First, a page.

If Major League Soccer is all about rivalries, the addition of the Philadelphia Union as its 16th franchise is another positive step in that direction.
First think of the Pacific Northwest, where Seattle Sounders FC will be joined next season by Portland and Vancouver. Sounders co-owner Drew Carey jokingly referred to the trio as "the triangle of death" at last November's MLS Cup. Now group the Union, which was announced by the league on Feb. 28, 2008, with the New York Red Bulls and D.C.
United, and the possibilities for another fierce rivalry are endless.
Take it from the LA Galaxy's native New Yorkers, Edson Buddle and Bruce Arena, and New Jersey's Gregg Berhalter -- league officials made a smart move in putting the league's newest franchise into the so-called city of brotherly love.
"I think it's great," Berhalter said. "There are some real dedicated soccer fans there. Looking at the response to their first home game (at Lincoln Financial Field) was unbelievable. "The goal is to get a concentration of teams in one area to get some rivalries, like they're going to do in the northwest. It's what we have here with Chivas. You add Philly and Red Bulls to it, with D.C. not far away, and you start creating some interesting games.
"Having Philly is an important part of that. I like it."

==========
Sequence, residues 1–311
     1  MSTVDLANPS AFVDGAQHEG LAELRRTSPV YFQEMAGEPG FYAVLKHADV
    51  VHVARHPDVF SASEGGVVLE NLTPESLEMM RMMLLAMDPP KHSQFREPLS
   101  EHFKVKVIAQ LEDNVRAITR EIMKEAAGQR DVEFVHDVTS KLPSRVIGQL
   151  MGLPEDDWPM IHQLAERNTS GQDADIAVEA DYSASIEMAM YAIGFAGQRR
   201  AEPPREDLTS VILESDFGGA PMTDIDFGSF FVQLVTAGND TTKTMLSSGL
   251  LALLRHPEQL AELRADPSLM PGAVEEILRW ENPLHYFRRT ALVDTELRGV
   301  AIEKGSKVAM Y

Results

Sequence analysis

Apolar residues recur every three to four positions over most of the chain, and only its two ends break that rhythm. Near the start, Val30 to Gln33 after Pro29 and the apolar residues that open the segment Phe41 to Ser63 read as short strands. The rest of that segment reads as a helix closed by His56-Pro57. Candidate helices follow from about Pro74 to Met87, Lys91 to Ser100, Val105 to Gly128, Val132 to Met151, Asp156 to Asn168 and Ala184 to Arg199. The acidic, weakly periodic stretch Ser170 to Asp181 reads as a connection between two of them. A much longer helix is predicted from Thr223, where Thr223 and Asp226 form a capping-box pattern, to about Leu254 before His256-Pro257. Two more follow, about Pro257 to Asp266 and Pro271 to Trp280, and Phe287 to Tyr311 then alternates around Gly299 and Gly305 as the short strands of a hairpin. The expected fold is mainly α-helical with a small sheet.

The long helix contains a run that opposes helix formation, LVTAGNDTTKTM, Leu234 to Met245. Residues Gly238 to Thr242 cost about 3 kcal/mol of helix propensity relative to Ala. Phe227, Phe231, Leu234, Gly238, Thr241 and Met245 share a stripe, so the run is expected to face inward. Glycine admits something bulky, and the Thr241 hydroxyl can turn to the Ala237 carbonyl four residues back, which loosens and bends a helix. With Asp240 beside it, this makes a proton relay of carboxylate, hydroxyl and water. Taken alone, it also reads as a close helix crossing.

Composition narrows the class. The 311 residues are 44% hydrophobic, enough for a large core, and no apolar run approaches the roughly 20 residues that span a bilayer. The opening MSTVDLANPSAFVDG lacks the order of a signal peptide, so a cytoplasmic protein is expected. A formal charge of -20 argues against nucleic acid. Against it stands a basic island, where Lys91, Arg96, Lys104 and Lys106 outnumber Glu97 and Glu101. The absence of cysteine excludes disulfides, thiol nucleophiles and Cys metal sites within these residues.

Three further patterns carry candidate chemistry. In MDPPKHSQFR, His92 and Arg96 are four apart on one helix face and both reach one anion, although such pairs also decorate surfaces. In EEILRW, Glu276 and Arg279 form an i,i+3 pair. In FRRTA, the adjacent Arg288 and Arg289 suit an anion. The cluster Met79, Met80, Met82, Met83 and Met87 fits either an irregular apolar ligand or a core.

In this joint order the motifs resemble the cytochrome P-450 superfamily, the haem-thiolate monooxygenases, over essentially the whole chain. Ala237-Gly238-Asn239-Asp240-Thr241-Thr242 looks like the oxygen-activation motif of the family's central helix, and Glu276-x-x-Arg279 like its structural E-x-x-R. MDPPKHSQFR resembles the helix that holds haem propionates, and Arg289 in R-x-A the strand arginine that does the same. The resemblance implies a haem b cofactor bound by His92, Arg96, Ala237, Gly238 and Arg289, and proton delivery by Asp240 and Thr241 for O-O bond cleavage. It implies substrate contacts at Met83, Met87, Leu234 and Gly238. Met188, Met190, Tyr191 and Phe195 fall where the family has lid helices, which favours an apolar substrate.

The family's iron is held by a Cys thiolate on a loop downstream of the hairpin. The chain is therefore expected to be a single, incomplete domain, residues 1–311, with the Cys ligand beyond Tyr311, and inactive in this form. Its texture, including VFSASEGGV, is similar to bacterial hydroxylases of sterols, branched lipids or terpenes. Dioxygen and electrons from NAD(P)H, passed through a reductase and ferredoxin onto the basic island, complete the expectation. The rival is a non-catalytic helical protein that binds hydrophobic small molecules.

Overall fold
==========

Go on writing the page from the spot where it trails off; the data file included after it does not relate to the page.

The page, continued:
Buddle, who grew up in New Rochelle, N.Y., about a 2 1/2-hour drive from Philadelphia, also was pleased to see a franchise in Philadelphia, even though he's never been to the city. "I've just been to the train station on my way to D.C.," he said with a grin.
Buddle did say he was pleased to see the league expand in that part of the country, mostly because it's closer to his home.
"There's a lot of soccer in that area, so it's important," he said."I think the fans deserve it. It will be even better once they build their own stadium."
The Union's home field, 18,000-seat PPL Stadium, is scheduled to open in July.
"You're probably going to see a lot of fans from Philly when they play in D.C., and a lot of D.C. fans in Philly," Buddle said. "Hopefully there won't be any fights or brawls, but we like that as players, when fans are getting into it.
"It makes you play harder, especially if you're at home and you know the fans are behind you."
Arena, who grew up in the Bronx, said he didn't spend much time in Philadelphia as a youth and went there only when his college team, Cornell, played Penn in soccer and lacrosse.
"I don't know Philly that well," he said, "even though a bunch of my Cornellians reside there. I think the rivalry is fabulous ... the 95 rivalry with New York, Philadelphia and D.C.
"I think it will be very similar to what we'll be doing on the West Coast, obviously with L.A., San Jose and Portland, Seattle and Vancouver. And Chivas in our backyard.
"And maybe we'll add San Diego that mix. That would be a fabulous rivalry."